NEW KIND OF UPPER ATMOSPHERIC LIGHTNING? In recent years, photographers
have catalogued a growing number of luminous forms apparently leaping
up from the tops of thunderstorms. These so-called sprites, elves,
gnomes, and trolls inhabit the upper atmosphere, reaching their
weird-looking tendrils up toward space. On Aug. 14th, an amateur
astronomer in New Mexico photographed a rare curving form of upper
atmospheric lightning that has baffled experts in the field. Shaped
like a funnel or a tornado, it might represent a new addition to the
menagerie of sprites.
STORM IN THE OFFING: A canyon-shaped hole has opened in the sun's
atmosphere, and it is spewing a stream of high-speed solar wind toward
Earth. NOAA forecasters say there is a 30% chance of polar geomagnetic
storms (G1-class) when the gaseous material reaches our planet on
August 31st. High-latitude sky watchers should be alert for auroras
this Thursday and Friday.
ENCORE: It’s elementary, Watson. Things are in
flux – from the elements in the air you breathe to party balloons.
We investigate the massive, historic loss of nitrogen from the atmosphere and
meet the culprits behind a modern-day helium shortage.
But it’s not all a disappearing act:
be thankful that oxygen showed up in our atmosphere a few billion years
ago. Meanwhile, atom smashers have recently produced some new
elements. Their appearance was brief, but long enough to fill out the
And perhaps the tastiest use of an
element – one that gives Seth a chilly reception.
ENCORE: In space, no one can hear you scream, but,
using the right instruments, scientists can pick up all types of cosmic
vibrations – the sort we can turn into sound. After a decade of
listening, LIGO, a billion-dollar physics experiment, has detected gravitational
waves caused by the collision of massive black holes, a brief shaking of
spacetime that can be translated into a short squeal.
We listen to the chirp of black
holes crashing into each other and wonder: could the universe contain more than
individual sounds, but have actual musical structure?
A theoretical physicist and jazz
saxophonist updates the ancient philosophical concept of the Music of the
Spheres to probe the most vexing questions confronting modern cosmology.
Find out how the evolution of the universe resembles an improvisational
jazz piece, and the musical inspiration John Coltrane drew from Albert
PREDICTIONS FOR THE SOLAR ECLIPSE: Next Monday, Aug. 21st, the Moon
will pass directly in front of the sun producing an historic solar
eclipse over the USA. Millions of people inside the path of totality
will catch a glimpse of the sun's gossamer outer atmosphere, the
corona. In centuries past, the appearance of the corona was
unpredictable from one eclipse to the next. But now researchers have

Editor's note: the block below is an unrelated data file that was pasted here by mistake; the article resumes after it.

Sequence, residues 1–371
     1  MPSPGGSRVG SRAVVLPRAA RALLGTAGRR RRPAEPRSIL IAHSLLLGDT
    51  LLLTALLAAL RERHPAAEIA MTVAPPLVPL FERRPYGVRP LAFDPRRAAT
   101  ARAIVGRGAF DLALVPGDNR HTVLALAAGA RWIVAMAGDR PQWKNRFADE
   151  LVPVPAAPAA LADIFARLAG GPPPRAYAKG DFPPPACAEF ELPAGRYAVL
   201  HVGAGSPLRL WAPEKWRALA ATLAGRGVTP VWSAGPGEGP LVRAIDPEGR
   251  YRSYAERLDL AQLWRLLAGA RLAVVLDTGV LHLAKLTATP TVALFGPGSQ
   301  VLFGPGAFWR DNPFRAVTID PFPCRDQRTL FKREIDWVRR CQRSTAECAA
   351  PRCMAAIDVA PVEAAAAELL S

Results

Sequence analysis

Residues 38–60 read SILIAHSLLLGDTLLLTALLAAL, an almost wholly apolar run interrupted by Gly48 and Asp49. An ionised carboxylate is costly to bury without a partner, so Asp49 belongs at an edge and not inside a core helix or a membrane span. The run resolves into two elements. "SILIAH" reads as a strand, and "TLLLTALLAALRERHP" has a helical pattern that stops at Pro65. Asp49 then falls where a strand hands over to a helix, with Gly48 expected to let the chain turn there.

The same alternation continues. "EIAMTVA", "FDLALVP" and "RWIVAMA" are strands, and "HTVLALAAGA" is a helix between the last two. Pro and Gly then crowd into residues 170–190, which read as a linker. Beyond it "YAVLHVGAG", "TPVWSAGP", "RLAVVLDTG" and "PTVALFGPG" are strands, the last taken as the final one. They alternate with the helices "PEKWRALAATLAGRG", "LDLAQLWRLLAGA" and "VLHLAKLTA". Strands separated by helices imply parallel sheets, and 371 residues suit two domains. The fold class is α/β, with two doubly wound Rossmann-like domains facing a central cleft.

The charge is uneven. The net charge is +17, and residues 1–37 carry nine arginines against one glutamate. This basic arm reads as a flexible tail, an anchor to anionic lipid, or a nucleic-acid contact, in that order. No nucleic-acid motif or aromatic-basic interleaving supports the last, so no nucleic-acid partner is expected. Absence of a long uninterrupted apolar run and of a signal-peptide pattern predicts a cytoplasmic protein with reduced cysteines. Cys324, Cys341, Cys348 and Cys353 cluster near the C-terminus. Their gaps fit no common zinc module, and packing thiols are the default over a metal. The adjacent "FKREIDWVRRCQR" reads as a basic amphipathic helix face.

developed supercomputer codes to forecast its shape.
New predictions for the "Great American Solar Eclipse" are highlighted on today's edition of Spaceweather.com
Above: NASA-supported researchers at Predictive Science Inc. have just
issued a physics-based model of the sun's corona as it will appear
during the Great American Solar Eclipse. [more]
Water is essential for life – that we know. But the
honeycomb lattice that forms when you chill it to zero degrees Celsius is also
inexorably intertwined with life.
Ice is more than a repository for water that would otherwise
raise sea levels. It’s part of Earth’s cooling system, a barrier
preventing decaying organic matter from releasing methane gas, and a vault
entombing ancient bacteria and other microbes.
From the Arctic to the Antarctic, global ice is
disappearing. Find out what’s at stake
as atmospheric CO2 threatens frozen H2O.
FIREBALLS: The Perseid meteor shower, which peaks this weekend (Aug.
12-13), produces more fireballs than any other known annual meteor
shower. (Fireballs are meteors brighter than Jupiter or Venus.) This
characteristic of the Perseids is important because in 2017 the shower
peaks under the light of a bright gibbous Moon. Perseid fireballs
should be visible in spite of lunar interference, producing a pleasing
display for anyone outdoors before sunrise on Saturday and Sunday.
an opera singer’s voice really shatter glass? Can you give your car a
rocket-assisted boost, and survive the test drive? How do you protect
yourself from a shark attack? Those are among the many intriguing
questions and urban legends tested by the MythBusters team in front of the
that the series has ended after a 16 year run, co-host Adam Savage tells us how
it all began, how he and Jamie Hyneman walked the line between science and
entertainment, and why he considers himself a scientist but not a “skeptic.”
he reveals the location of the episode, “Duct Tape Island.”
Adam Savage - Former co-host and executive producer of MythBusters
This encore podcast was first released on 5/23/2016